First, configure the plugin in pluginManagement:

where user, password and driver are configured as project properties.

After that, you can configure the plugin to execute multiple databases by adding many executions. Here is example of one execution:

The plugin tied to a validate phase, which will ensure that it will migrate schema at the very start of the build. Add more executions to run against multiple databases. You can use Maven profiles with this plugin to migrate databases in different environments, such as production.

Configuration properties

  • url - JDBC connection URL
  • driver - JDBC connection driver
  • username - JDBC connection user name
  • password - JDBC connection password
  • migrationsPath - location of migration files, defaults to src/migrations/
  • createSql - create database SQL, defaults to create database {$your database}
  • dropSql - drop database SQL, defaults to drop database {$your database}

Variable substitutions in migrations

Sometimes you need more flexibility, for instance tables might have different names in different environments. This can be accomplished with Variable substitutions in your migrations and replacing these variables during migrations. For instance you could have a variable in the migration defined like this:

CREATE TABLE {{books-table}} (
    title VARCHAR(256) NOT NULL

Then the plugin could be configured to substitute values like {{books-table}} from a properties file:

org.javalite db-migrator-maven-plugin ${project.basedir}/src/

The file itself is a just a standard Java properties file:


You can configure to use different property files in different executions, but that is just stanmdard Maven plugin configuration.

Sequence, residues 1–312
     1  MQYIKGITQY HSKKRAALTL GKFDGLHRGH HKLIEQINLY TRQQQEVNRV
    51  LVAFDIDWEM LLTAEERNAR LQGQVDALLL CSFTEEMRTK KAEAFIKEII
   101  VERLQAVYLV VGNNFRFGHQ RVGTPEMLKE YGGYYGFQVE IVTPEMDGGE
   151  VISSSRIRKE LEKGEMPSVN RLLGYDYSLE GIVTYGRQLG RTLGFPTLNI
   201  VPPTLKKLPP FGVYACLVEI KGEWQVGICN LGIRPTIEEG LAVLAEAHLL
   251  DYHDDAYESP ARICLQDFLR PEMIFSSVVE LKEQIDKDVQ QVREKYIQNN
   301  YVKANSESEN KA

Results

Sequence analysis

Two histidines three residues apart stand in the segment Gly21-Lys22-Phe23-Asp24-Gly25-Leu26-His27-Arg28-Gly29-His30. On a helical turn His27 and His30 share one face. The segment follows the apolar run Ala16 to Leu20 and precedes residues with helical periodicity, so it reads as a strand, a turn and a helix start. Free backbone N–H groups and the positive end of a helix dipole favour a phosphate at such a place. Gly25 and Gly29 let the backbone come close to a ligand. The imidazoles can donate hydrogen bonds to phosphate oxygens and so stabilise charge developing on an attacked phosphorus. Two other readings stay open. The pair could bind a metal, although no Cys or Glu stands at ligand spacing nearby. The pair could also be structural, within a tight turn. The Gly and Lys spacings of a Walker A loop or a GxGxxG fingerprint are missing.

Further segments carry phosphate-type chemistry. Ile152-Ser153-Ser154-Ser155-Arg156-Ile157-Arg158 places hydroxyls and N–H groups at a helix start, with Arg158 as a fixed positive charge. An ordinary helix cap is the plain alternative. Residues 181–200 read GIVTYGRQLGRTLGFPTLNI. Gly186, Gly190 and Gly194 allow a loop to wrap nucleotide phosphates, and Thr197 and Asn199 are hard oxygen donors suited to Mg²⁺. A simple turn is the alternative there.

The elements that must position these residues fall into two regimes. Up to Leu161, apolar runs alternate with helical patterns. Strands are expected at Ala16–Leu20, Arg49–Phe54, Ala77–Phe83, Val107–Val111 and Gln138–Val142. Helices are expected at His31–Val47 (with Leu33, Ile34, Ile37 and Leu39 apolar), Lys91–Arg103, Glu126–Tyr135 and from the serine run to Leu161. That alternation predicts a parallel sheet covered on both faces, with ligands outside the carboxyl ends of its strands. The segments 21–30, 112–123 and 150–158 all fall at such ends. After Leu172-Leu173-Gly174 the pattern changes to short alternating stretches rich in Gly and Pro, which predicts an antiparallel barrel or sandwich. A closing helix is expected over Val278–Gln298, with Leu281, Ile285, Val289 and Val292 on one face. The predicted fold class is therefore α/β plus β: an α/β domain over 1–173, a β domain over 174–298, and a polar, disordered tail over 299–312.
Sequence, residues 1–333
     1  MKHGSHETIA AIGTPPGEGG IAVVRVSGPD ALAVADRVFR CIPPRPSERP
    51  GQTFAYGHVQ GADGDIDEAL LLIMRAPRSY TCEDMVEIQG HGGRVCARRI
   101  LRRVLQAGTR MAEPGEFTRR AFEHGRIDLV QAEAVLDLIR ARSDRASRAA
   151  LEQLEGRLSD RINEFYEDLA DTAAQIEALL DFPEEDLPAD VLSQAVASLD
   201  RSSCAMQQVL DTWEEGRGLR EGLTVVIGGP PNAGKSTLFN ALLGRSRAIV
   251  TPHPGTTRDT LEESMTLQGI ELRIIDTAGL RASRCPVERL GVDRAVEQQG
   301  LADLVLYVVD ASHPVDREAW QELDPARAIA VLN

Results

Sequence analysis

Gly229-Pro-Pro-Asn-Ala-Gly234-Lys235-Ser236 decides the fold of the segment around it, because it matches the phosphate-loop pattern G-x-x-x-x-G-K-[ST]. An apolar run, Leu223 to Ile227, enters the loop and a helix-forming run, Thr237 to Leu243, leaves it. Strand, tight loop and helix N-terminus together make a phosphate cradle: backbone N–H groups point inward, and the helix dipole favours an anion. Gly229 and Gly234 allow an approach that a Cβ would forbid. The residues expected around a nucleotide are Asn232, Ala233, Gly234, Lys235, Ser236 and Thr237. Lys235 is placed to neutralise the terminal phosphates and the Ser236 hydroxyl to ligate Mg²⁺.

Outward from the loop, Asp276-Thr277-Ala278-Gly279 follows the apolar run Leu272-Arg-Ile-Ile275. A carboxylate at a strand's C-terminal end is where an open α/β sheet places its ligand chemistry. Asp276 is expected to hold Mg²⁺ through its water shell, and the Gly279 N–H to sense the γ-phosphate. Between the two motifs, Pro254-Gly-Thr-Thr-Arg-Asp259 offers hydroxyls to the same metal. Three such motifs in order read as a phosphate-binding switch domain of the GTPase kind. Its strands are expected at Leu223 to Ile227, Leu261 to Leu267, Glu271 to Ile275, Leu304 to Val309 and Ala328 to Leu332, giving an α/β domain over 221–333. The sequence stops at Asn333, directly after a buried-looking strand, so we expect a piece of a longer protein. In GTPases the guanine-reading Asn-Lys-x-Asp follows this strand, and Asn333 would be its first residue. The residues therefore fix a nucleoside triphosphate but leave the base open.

Maintaining multiple databases

You can use Maven profiles to maintain multiple database, as well as specific configuration for different executions of the same plugin.

Migration records

DBMigrator maintains a record of executing migrations in table SCHEMA_VERSION and will not execute the same migration twice:

mysql> select * from schema_version;

Results in the following output:

version applied_on duration
20140302193112 2014-07-03 22:08:41 22
20140302193141 2014-07-03 22:08:41 12
20140303150340 2014-07-03 22:08:41 13
20140304173708 2014-07-03 22:08:41 20
20140304174236 2014-07-03 22:08:41 18
20140305235518 2014-07-03 22:08:41 13
20140306002924 2014-07-03 22:08:41 12
20140307192002 2014-07-03 22:08:41 25
20140309143448 2014-07-03 22:08:41 25
20140310141755 2014-07-03 22:08:41 25

Development process

Since all migrations are recorded as text (SQL) files, and contain a time stamp in the name, every time a developer pulls sources from source repository and executes a build, your database is migrated to the latest migration automatically. In our experience, this reduced amount of attention we had to give a DB to a minimum. Basically a developer creates a new migration and checks it in, which makes it propagate to other developer machines automatically.